In a relatively short amount of time, the issue of ocean acidification in the Pacific Northwest has gone from a scientific anomaly to front page news and legislative action. Hear from a group of researchers, reporters, and communication specialists who played a role in this remarkable arc. We'll explore how storytellers can help scientists communicate their findings with public audiences and change-makers and highlight the differing incentives, techniques, and contributions of different players in this mix.
Craig Welch has worked as the environment reporter at The Seattle Times since 2000. A journalist for two decades, his work has appeared in Smithsonian magazine, the Washington Post, and Newsweek. He has tagged along with tribal fishermen who hunted seals in Alaska, hitched helicopter rides with scientists in the melting Arctic, prowled the Oregon woods for endangered owls, and tracked the development of Wyoming's oil fields. The national Society of Environmental Journalists twice named him Outstanding Beat Reporter of the Year, most recently in 2010. He was a 2007 fellow at the Nieman Foundation for Journalism at Harvard University and lives in Washington State. Shell Games is his first book.
Terrie Klinger is a marine ecologist who focuses on applying ecological theory to practical management solutions. She works on ecosystem-based approaches to manage natural resources in the ocean, understanding the ecological effects of environmental stressors, such as ocean acidification and habitat loss, and how rocky intertidal communities respond to and recover from disturbance. She is currently the lead investigator on a National Science Foundation IGERT award – shorthand for Integrative Graduate Education and Research Traineeship – focusing on how oceans are changing worldwide, what that means to the human communities connected to them. The Pacific Northwest is her primary study area, including the Puget Sound, the San Juan Archipelago, and the outer coast of Washington, and she maintains a time-series of ecological data at a site in the Gulf of Alaska. She has been recognized for her unique combination of marine science and community outreach with the UW's Outstanding Service Award, and was named Naturalist of the Year by the Western Society of Naturalists.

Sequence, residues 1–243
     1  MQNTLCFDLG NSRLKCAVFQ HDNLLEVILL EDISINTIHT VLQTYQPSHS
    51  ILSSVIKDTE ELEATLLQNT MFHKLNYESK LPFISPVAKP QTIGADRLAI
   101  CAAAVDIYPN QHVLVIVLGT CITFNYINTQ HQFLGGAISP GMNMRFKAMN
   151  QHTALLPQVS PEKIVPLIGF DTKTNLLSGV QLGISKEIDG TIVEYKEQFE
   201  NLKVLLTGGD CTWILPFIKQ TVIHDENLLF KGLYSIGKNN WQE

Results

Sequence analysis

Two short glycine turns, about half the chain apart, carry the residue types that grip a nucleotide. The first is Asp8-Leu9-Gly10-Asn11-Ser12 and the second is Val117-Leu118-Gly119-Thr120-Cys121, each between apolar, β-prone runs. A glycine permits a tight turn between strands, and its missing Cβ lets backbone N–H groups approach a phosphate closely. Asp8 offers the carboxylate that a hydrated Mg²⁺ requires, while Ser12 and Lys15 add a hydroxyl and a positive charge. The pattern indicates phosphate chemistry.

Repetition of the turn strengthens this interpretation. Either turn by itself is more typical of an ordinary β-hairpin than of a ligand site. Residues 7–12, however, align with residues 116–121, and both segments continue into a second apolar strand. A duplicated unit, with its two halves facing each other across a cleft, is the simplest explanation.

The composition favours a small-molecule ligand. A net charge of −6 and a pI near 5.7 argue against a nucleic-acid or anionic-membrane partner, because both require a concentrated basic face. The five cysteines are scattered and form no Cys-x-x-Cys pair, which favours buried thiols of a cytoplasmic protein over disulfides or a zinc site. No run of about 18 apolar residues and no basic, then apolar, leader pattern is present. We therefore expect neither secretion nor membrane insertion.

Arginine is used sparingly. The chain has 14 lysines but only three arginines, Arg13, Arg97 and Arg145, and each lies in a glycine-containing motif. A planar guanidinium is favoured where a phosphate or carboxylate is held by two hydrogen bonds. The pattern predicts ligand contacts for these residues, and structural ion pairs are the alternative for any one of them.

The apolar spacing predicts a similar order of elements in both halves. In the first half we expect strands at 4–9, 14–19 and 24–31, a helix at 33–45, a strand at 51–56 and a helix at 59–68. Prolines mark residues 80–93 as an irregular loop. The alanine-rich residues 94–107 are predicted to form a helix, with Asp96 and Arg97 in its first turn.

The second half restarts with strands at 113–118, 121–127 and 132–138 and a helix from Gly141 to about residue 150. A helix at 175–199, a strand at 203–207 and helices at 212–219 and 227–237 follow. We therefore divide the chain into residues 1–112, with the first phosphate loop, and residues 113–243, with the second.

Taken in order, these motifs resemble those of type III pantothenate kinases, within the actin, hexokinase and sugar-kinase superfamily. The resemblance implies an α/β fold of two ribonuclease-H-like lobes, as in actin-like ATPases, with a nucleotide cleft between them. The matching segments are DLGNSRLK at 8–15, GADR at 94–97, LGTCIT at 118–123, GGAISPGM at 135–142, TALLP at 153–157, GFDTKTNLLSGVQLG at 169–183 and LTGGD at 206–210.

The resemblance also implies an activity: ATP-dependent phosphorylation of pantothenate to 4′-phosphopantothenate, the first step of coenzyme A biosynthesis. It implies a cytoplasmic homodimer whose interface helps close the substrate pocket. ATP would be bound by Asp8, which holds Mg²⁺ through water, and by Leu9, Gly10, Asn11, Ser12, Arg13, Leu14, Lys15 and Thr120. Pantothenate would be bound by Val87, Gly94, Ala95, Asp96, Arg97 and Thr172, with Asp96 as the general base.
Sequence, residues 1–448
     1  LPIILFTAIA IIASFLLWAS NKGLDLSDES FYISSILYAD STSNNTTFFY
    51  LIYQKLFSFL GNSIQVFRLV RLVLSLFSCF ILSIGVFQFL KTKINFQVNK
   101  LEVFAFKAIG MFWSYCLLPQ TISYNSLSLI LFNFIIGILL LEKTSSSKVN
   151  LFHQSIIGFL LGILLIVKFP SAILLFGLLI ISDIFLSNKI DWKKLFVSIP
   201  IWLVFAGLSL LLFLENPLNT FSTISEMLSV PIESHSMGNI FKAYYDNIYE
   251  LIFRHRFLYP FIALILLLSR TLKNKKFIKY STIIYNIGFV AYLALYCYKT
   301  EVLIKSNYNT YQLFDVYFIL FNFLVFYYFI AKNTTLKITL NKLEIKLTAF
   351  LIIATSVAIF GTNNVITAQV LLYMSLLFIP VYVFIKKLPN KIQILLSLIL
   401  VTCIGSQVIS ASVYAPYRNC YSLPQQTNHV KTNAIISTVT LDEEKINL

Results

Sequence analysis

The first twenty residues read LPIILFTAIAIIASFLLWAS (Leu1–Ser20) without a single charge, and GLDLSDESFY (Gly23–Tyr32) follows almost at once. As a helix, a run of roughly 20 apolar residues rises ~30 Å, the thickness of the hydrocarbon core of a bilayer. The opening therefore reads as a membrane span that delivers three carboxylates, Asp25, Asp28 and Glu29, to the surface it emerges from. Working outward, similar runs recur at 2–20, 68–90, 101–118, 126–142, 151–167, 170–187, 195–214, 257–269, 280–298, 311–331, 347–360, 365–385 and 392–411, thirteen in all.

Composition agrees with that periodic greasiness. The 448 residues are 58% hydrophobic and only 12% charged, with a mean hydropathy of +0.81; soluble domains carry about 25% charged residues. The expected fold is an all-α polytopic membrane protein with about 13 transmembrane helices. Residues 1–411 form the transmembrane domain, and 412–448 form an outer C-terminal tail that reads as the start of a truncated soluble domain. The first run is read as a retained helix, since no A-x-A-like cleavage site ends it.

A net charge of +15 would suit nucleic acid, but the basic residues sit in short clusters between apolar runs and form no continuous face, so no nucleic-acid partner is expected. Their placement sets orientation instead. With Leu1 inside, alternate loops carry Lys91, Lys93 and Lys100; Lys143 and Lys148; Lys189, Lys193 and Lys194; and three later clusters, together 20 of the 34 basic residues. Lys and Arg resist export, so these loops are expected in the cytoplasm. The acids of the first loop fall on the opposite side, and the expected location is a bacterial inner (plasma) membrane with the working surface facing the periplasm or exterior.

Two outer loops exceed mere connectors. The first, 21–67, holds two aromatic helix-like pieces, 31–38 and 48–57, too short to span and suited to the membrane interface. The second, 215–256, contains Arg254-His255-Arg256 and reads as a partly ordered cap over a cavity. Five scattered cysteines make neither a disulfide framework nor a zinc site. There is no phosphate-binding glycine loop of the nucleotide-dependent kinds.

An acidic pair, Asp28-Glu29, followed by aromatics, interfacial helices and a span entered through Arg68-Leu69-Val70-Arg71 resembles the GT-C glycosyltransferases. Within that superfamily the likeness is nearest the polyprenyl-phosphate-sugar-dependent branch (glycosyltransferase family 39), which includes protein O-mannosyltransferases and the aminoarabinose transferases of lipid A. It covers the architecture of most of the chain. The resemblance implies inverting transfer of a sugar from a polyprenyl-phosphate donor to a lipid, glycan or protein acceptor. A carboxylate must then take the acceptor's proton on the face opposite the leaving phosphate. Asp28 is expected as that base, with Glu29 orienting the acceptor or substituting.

Katie Campbell is an Emmy-award winning producer and photographer at KCTS 9, Seattle's public television station, where she covers the environmental issues of the Pacific Northwest. She's a lead reporter for the regional public media project EarthFix, and a special correspondent for the PBS NewsHour. She holds a master's degree in narrative journalism from the University of Oregon. Prior to joining EarthFix and KCTS 9, Katie taught multimedia journalism at the University of Oregon School of Journalism and Communication.
Liz Banse is vice president, communications strategist and trainer at Resource Media, a nonprofit PR firm that helps nonprofits, government, communities and foundations unlock the power of communications to advance their goals. Her practice areas span all aspects of communications planning, traditional and online media strategy and outreach, visual communications, opinion research, message development, branding, materials development and production, presentation skills and other communications trainings, organizational marketing and crisis communications. She is the author of Seeing is Believing: A Guide to Visual Storytelling Best Practices.
Liz Neeley is the Assistant Director of Science Outreach for COMPASS. She develops and leads the new media and multimedia components of communications workshops for the Aldo Leopold Leadership Program and universities across the country. Before joining COMPASS, Liz studied the evolution and visual ecology of tropical reef fishes. She got hooked on science communication after a journalist helped her articulate why she really cared about fish vision for the very first time, after only three years of her work toward her PhD. As a lifelong traveler, Liz was always fascinated by culture shock and what gets lost in translation. After grad school, she went on to help communities and scientists in Fiji and Papua New Guinea connect their knowledge of local coral reefs ecosystems to the media. She gained a lasting appreciation of the challenges in making international science policy while working on trade in the deep-sea corals used in luxury fashion and design.
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